Bush correctly identified the question: Is it right to balance the (supposed) rights of human embryos against the possible (and not yet known) benefits of embryonic stem-cell research? A wrenching dilemma: human embryos vs. human suffering. Despite Bush’s characteristic sureness, the answer isn’t clear.
His portrayal sure was frightening and inaccurate: “the taking of innocent human life in the hope of finding medical benefits for others.” Along with the conservatives he is courting for the November elections, Bush seeks to depict the use of embryonic stem cells as murder.
Alas for him and his party, most Americans, while they rightly grieve over the moral ambiguities, seem willing to trade some embryonic stem-cell research for medical benefit. Polls show wide support, including up to 70 percent of Republicans in some polls. That reflects a GOP hurt by calculated grandstanding on medicine and science. (Remember the Terri Schiavo fracas?)
Both the House and Senate passed the bill by wide but not veto-proof margins. A House override failed shortly after the veto; now it doesn’t matter what the Senate does.
And it doesn’t matter (to Bush, at least) that, as much as he may believe in the principles he champions with such aggression, such principles are far from settled. A true debate awaits, and a small, extreme coterie is trying to short-circuit it – because it may lead to tradeoffs that coterie dislikes.
Embryonic stem-cell research will continue. The Bush policy pretends to take a stand but lets private businesses do what they please with embryonic stem cells. (If academic researchers want to do it, they can, just not with federal funds.) There are now about a dozen private stem-cell research centers in the United States, the largest at Harvard.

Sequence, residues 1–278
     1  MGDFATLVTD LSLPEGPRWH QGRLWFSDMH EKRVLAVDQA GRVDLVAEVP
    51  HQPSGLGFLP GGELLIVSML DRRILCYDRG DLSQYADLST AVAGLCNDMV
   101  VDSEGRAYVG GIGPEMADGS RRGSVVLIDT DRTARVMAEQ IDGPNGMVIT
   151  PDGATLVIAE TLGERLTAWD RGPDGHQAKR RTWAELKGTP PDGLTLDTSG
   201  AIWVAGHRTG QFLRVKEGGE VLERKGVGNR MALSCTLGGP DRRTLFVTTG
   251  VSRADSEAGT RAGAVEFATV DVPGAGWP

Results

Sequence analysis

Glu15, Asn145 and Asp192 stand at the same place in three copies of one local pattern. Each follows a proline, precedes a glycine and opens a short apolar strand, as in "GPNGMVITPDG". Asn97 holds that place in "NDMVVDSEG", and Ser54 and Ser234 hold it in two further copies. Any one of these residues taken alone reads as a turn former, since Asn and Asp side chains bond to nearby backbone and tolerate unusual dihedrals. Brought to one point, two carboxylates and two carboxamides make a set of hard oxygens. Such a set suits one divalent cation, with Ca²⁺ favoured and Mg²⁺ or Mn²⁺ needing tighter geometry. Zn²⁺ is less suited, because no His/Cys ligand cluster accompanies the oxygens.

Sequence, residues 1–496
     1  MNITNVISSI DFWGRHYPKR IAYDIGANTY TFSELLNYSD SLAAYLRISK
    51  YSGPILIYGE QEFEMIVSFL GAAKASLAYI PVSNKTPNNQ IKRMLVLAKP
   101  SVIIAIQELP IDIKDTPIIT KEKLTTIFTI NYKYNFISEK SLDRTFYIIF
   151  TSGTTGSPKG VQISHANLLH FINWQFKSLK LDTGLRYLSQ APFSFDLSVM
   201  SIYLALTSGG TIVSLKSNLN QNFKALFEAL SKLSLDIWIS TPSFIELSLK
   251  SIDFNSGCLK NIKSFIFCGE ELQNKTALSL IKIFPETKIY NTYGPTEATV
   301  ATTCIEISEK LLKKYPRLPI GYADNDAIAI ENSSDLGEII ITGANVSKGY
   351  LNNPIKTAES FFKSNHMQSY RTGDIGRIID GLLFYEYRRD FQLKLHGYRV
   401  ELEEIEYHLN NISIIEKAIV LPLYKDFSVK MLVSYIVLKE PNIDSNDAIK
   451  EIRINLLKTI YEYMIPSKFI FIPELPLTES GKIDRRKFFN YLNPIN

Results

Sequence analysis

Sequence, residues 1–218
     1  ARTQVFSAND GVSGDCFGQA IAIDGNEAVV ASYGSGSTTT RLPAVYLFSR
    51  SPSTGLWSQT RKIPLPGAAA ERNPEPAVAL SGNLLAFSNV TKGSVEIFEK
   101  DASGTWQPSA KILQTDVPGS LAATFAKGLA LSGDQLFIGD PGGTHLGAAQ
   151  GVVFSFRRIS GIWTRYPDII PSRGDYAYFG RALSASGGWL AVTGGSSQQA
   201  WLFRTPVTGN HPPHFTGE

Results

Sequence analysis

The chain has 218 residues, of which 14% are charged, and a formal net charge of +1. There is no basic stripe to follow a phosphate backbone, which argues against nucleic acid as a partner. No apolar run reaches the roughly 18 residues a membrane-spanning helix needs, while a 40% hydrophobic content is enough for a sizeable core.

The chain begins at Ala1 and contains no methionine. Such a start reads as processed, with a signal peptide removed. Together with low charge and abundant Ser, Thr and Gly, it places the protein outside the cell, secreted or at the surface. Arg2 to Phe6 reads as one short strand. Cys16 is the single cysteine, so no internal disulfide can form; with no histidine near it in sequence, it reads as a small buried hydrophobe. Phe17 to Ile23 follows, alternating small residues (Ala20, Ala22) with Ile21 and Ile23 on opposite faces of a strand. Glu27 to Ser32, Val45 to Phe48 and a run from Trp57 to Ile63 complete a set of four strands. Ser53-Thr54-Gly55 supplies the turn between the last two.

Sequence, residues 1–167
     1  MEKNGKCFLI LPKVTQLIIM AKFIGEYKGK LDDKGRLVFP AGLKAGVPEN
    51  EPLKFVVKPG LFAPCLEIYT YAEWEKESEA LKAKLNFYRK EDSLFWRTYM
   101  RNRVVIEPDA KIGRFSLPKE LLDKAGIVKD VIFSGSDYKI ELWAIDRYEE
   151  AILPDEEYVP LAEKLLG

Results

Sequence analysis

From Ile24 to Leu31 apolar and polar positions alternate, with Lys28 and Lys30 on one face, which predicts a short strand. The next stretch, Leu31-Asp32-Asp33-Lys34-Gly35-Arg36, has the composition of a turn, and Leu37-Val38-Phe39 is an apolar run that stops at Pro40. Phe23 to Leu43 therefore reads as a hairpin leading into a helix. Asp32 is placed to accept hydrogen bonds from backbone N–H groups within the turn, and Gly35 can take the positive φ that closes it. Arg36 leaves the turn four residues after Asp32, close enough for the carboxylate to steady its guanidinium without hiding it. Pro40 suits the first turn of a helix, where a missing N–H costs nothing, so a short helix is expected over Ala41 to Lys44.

The main point, however, is not research but democracy. Bush showed the world Wednesday that, under the guise of “leadership,” he will ignore a growing social consensus in favor of the politics of the moment and his favored coterie.
Snowflakes? Snow job.
When I was in my teens, not long after dinosaurs roamed the Earth, I had a vivid nightmare one evening. I dreamt that I was a passenger, along with my mother and brothers, in a car being driven along an unfamiliar woodland road by my father. At some point in the drive, perhaps following some distraction, my father inadvertently left the road, and we found ourselves on a parallel path, unpaved, with a fence isolating our vehicle from the main road. Sensing danger, I urged my father to reverse course and return to the main road. But he offered blithe reassurances and drove on, even as we drifted further and further away from whence we had come. And then, abruptly, the path ended, and the car tumbled off a high cliff and fell to Earth. I awoke to the imagined sound of screaming and crashing.